The Hellhole – Week of 1/21

14.4 minute read

Peace for our elders King County could build housing for miles. Instead, we’re reduced to a fight for inches. Bakaro Mall may be displaced by cops. 12th Ave. Ethiopian restaurant … Read more

Peace for our elders

King County could build housing for miles. Instead, we’re reduced to a fight for inches. Bakaro Mall may be displaced by cops. 12th Ave. Ethiopian restaurant Saba is being kicked out. Displacement and gentrification robs communities and the people whose labor powers these streets. The fight for Halcyon Mobile Home Park is yet another example. A 55 and older community is about to have the land underneath their home sold to a developer. Why are our elders being asked to start over again?

For those who’ve never lived in a trailer park, they may not realize why working people would fight to stay there, let alone purchase it from their landlords to create a co-op. Plumbing and septic issues, gas leaks, predatory yet absent landlords, and more generally await the park dweller. However, the park is a community. It’s a place where extended family and friends could conceivably live next door, and organic social structures arise among peers. This writer remembers living in the same trailer park as my grandparents in east King County.

My grandfather helped build a pressure-treated board and plastic turf for put-put golf. It was marvelous. No one checked whether you paid because you didn’t need to. We slept in the cupboards above their bed. It was one of the safest summers after my mom escaped patriarchal violence and saved us from further child abuse. No, it wasn’t the best we could imagine. We were simply poor. We made no apologies then, nor pretend to do so today. However, where some might sneer at the substantial challenges inherent in living in a trailer park, these communities, if brought under popular control by tenants, can thrive against a system rigged to wring every last dime of profit from us. Just look at the eviction rates:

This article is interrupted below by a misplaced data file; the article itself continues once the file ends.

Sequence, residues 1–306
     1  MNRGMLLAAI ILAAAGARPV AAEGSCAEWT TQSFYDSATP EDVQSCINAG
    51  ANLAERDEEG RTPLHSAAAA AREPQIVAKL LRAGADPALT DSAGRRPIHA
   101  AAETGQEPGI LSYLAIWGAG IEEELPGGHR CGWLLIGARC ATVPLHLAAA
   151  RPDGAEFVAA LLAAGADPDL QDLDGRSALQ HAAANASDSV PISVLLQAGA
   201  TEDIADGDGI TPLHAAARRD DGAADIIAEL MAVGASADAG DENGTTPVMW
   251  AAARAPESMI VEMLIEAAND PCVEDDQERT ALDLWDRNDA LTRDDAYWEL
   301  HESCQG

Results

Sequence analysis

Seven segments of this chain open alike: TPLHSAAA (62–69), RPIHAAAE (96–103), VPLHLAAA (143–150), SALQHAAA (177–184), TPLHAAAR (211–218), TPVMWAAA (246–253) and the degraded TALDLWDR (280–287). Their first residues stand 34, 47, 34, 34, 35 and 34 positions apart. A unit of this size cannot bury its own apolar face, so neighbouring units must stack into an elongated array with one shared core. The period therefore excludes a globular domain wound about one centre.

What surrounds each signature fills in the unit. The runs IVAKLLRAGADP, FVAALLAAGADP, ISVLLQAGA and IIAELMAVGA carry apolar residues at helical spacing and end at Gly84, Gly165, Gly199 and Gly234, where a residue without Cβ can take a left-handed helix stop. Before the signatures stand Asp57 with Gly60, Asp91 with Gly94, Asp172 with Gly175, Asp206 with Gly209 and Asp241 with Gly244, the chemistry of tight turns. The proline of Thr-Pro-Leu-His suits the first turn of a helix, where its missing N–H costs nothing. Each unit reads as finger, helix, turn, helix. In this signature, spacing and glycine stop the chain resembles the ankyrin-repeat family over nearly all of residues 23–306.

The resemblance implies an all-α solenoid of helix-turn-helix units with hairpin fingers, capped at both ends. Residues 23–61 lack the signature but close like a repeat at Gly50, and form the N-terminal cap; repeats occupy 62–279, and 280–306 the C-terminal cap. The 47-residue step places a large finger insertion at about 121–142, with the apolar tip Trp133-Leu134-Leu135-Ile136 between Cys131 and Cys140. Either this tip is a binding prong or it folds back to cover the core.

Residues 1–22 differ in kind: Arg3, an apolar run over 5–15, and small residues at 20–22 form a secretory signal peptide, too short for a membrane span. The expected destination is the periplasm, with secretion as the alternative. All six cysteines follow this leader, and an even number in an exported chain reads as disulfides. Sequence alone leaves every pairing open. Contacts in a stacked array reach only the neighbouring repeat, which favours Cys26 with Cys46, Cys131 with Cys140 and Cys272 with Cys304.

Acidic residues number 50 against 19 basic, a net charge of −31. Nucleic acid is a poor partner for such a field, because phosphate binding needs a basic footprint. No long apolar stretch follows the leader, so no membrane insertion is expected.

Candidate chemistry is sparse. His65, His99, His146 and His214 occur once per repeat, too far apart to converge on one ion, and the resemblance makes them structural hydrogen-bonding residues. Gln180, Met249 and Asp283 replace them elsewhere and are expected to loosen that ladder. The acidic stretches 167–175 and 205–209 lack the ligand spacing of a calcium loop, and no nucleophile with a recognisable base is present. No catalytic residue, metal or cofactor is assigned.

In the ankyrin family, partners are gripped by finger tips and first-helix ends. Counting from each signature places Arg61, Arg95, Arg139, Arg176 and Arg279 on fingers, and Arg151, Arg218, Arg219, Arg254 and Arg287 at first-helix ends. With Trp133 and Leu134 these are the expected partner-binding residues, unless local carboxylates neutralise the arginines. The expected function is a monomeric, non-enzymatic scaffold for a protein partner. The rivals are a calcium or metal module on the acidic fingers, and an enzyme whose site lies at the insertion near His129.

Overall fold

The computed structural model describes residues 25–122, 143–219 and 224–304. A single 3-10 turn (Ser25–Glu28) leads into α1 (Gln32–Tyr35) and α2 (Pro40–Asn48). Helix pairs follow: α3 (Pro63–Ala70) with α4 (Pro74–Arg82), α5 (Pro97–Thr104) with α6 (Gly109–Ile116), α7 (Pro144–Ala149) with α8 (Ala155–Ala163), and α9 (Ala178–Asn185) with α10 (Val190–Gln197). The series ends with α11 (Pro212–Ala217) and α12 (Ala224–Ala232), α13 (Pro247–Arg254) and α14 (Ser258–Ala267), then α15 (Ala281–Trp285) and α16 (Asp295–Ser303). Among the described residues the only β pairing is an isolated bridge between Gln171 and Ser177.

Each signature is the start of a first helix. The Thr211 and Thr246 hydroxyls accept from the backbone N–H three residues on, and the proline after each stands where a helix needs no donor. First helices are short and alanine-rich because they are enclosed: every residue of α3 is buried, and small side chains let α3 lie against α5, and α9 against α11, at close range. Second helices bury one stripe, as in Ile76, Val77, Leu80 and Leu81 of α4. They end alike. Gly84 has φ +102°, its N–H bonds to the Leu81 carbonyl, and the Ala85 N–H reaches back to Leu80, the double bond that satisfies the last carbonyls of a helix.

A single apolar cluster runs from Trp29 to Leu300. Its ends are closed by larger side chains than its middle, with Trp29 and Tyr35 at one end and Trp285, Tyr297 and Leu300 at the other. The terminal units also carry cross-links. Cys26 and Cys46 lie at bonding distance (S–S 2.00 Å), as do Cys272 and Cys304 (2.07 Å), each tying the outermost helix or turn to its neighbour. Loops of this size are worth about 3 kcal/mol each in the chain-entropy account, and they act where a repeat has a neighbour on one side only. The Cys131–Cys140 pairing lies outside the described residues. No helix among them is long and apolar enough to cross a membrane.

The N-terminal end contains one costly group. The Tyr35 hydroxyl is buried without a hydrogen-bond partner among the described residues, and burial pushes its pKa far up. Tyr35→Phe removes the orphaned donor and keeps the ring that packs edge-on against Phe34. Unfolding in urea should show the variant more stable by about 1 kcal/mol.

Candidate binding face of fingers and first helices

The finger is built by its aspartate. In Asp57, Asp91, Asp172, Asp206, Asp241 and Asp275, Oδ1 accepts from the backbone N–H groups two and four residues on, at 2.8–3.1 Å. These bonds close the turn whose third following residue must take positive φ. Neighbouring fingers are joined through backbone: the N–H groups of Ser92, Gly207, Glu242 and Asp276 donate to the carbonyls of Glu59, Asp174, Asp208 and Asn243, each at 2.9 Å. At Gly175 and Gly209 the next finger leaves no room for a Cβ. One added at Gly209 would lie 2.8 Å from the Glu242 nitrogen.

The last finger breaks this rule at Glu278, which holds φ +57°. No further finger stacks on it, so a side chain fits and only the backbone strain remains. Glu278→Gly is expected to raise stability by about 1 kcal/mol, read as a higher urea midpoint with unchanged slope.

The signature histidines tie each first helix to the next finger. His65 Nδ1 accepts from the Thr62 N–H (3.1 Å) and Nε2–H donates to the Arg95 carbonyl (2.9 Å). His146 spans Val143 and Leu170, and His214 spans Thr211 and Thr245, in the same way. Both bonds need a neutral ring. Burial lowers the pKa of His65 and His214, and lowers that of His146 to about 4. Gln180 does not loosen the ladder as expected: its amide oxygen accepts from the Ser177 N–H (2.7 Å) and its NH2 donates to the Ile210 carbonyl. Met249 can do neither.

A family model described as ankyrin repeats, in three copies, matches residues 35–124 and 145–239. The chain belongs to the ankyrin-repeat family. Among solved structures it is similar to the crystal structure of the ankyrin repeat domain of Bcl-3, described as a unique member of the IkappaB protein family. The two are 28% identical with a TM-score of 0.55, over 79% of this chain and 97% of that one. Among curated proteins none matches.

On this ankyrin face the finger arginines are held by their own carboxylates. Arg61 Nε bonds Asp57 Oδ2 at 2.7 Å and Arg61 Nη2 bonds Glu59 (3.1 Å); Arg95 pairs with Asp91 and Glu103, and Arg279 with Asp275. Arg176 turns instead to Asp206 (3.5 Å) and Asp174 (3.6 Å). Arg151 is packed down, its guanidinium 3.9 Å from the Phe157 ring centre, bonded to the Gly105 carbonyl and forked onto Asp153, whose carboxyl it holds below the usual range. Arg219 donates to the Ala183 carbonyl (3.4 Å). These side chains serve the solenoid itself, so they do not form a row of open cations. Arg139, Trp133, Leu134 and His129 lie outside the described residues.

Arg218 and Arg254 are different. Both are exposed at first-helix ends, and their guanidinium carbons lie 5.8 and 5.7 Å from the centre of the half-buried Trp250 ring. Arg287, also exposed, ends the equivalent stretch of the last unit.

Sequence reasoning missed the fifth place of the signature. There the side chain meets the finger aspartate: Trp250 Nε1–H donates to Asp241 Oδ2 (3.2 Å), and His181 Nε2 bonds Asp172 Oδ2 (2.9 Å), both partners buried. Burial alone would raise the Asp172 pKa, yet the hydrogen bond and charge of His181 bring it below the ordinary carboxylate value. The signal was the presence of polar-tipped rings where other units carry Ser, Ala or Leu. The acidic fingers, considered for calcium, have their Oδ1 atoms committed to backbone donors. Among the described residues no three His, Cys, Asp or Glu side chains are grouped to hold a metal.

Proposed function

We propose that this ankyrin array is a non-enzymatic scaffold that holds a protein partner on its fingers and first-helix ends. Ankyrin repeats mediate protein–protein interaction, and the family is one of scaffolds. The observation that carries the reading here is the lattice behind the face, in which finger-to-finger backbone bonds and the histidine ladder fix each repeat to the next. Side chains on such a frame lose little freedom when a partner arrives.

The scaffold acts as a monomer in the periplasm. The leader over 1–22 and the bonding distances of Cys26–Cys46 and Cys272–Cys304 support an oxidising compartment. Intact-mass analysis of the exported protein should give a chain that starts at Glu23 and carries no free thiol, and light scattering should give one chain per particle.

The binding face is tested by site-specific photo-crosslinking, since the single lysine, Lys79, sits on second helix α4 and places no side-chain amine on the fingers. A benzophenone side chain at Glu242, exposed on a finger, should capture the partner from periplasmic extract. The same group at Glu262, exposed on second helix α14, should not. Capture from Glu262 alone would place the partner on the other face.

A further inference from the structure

This week, Councilmember Sawant threw her weight behind the working poor outside her district as an act of solidarity. We live in a country preyed on by the landlords. The Hampton Institute put it well commenting on an incident where renters killed their landlord during an attempted eviction:

Crosscut’s coverage highlighted the dialectic at work, quoting Sawant: “Ultimately when you see a complete absence of common sense and visionary policies from the city council, like expansion of social housing, like residential rent control, like commercial rent control, then what options are left for ordinary people?”

That’s why socialists fight for a trailer park. Even when we’re demanding to lasso the moon itself, we have to dig our heels into the earth to do so.

Join the fight. To help, show up to City Hall for the Full Council meeting on Monday, January 28 before 2 PM.

Protect Farmworkers

House Bill 1398 was introduced in the Washington State legislature and received its first hearing on January 22. The bill aims to expand working condition checks and protections for H-2A worker visas. It’s backed by Skagit and Whatcom powerhouse Community to Community, who are fighting for and led by campesinxs fighting settler colonialism, capitalism, and patriarchy. We encourage readers to contact their state house representatives and tell them to protect farmworkers by backing this session’s HB 1398:

A couple of strong leaders preparing to testify for HB 1398.

Posted by Community to Community Development on Tuesday, January 22, 2019

Iosia Faletogo should be alive. I-940 wasn’t enough.

Iosia Faletogo was many things: a father of two, Samoan, a hopeful rapper. He deserved the right to live and not be chased and killed by Seattle police on New Year’s after an alleged lane change infraction. As his aunt, Tiare Chanel, told Seattle Weekly, “A lot of the parents are worried about … their kids being home and them coming across police officers.” When we say policing is racist, we are acknowledging that the first cops were enforcers tasked with catching escaped slaves whose tainted legacy as protectors of capital continued along through the Jim Crow south, to the War on Drugs, and into today. The laws are always unjust when the punishments are so-often fatal.